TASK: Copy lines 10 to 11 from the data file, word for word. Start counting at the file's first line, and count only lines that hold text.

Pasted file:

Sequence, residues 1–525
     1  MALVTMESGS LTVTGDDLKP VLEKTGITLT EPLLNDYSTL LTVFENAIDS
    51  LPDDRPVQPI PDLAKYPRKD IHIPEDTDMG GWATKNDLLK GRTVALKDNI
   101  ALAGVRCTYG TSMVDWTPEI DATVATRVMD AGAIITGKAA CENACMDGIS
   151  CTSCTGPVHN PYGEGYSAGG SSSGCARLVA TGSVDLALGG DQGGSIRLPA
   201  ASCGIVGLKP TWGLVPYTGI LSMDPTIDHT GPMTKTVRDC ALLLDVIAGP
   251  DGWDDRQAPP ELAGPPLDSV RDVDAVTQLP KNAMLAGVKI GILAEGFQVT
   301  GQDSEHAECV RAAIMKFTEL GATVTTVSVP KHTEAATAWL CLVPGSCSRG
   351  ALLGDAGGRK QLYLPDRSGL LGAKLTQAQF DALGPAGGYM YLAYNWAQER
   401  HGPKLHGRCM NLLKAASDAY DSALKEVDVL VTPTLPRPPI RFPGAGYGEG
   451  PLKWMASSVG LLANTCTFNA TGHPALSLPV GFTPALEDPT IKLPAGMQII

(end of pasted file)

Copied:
   401  HGPKLHGRCM NLLKAASDAY DSALKEVDVL VTPTLPRPPI RFPGAGYGEG
   451  PLKWMASSVG LLANTCTFNA TGHPALSLPV GFTPALEDPT IKLPAGMQII